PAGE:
Some may point out that comparing Bakkt’s launch to its competitor isn’t fair given CME’s BTC futures roll-out coincided with the ICO boom and overall crypto craze of late 2017. However, this claim doesn’t explain the current market dynamics.
Despite both Bitcoin and the broader crypto market not rebounding yet to the levels of activity and prices seen in late 2017, CME announced this year that it experienced new record-highs in both volume and open interest.
In October 2019, the company disclosed that “customer interest in CME Bitcoin futures remained strong during Q3 with daily open interest of over 4.6K contracts, up 61% vs Q3, 2018.”
CME also shared that “institutional flow remained strong, with 454 new accounts added, compared with 231 added in the third quarter of 2018.” CME’s daily average trading of Bitcoin futures is now at $289 million, dwarfing Bakkt’s volume.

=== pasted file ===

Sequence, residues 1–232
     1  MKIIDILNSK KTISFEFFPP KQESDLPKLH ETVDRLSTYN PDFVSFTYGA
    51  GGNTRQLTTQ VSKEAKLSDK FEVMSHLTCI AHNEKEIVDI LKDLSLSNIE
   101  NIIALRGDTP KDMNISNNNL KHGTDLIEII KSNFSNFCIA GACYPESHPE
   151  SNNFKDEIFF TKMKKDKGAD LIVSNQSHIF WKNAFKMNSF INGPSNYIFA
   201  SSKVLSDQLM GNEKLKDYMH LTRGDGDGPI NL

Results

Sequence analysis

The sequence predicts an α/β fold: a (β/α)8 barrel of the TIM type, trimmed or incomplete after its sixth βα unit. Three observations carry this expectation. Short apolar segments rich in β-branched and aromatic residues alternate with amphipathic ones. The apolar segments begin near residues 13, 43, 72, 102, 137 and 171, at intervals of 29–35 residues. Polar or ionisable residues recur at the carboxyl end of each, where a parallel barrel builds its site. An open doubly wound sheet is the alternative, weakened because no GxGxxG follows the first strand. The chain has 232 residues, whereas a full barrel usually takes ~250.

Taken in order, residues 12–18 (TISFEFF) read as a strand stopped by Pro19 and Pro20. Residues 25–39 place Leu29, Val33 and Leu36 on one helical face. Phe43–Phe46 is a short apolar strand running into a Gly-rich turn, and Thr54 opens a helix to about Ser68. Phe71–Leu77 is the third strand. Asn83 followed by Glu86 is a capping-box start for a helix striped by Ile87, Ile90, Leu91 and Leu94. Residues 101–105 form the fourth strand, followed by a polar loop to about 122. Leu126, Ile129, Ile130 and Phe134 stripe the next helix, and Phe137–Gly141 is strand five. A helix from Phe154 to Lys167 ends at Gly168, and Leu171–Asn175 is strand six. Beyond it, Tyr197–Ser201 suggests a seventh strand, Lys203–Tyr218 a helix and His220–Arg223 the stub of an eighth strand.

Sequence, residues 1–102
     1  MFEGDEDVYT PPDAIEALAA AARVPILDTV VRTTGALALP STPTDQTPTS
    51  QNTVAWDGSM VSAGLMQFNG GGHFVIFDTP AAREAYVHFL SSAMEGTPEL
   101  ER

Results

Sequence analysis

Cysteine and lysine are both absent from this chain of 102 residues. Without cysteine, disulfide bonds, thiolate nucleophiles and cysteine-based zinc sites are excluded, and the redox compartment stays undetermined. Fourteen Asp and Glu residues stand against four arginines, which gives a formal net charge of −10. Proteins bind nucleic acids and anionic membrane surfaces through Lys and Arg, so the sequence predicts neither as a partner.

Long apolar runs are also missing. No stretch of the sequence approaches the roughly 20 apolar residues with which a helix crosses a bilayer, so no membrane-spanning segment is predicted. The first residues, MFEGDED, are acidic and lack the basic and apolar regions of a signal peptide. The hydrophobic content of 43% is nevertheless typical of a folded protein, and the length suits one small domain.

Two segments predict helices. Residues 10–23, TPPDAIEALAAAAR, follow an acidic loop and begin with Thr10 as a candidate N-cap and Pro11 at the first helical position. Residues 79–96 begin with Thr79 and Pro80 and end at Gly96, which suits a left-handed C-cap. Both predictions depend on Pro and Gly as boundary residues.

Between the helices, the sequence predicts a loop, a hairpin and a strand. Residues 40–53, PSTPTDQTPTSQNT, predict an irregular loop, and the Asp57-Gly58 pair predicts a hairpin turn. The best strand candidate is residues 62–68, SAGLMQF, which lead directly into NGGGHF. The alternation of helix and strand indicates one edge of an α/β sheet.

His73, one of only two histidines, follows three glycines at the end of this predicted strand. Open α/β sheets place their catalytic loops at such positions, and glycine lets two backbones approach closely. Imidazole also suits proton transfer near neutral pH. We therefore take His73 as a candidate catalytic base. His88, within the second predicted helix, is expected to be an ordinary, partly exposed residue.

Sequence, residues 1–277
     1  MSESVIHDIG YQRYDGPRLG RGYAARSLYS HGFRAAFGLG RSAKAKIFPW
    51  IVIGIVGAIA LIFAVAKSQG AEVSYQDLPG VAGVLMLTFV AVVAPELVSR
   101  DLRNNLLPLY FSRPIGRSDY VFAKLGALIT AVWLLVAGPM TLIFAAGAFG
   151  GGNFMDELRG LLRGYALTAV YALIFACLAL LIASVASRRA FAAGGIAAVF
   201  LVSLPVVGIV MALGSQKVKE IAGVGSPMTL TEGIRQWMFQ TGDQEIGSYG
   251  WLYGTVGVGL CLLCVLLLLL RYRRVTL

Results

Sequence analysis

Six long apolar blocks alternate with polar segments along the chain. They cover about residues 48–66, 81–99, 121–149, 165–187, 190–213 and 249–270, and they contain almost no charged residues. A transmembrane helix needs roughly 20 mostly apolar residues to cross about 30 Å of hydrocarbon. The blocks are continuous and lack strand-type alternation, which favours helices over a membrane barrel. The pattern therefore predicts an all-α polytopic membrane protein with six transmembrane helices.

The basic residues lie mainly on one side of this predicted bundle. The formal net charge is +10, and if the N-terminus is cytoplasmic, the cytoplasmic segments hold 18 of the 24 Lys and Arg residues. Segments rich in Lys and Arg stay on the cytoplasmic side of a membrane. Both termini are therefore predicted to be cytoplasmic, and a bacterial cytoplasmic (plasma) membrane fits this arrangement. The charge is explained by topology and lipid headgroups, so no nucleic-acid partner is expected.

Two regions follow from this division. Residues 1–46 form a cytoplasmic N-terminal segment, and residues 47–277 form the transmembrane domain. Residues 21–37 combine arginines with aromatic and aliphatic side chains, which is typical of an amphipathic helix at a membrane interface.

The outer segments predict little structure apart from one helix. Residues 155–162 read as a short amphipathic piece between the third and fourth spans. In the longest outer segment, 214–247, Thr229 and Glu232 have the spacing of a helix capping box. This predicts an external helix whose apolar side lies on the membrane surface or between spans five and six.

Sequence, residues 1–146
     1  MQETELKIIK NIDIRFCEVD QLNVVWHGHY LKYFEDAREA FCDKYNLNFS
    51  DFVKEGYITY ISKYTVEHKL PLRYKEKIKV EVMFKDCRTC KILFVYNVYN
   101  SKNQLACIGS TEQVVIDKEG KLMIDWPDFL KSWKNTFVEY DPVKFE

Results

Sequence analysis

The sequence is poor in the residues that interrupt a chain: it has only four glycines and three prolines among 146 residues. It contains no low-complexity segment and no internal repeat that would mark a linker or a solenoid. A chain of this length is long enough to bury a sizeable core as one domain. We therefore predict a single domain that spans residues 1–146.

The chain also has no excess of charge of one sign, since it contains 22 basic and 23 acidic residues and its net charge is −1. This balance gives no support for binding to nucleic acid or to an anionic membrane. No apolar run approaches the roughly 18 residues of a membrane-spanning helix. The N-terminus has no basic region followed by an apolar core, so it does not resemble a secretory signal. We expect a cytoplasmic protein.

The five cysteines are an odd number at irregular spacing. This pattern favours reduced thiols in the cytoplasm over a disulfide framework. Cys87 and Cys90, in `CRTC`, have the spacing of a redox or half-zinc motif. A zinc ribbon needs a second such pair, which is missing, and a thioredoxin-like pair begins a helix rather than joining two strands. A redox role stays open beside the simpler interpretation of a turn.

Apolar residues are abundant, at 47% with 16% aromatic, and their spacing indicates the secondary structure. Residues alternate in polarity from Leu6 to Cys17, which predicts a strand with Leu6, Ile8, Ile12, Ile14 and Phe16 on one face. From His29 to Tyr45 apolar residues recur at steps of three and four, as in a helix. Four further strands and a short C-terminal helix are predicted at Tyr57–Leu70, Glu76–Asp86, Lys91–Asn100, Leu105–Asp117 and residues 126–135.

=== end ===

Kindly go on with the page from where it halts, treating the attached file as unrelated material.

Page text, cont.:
Given Bakkt’s disappointing launch, the question that looms large is where did it all go so wrong for the $182 million venture-backed company?
In this piece, I flesh out what I view as the primary reasons that led Bakkt to this point.
Weak market demand for physically-settled daily futures contracts
Bakkt’s major point of differentiation was supposed to be the physical delivery of bitcoin using daily futures contracts. Yet, it is that misguided product focus that was one of the critical mistakes made by the company in the lead-up to launch.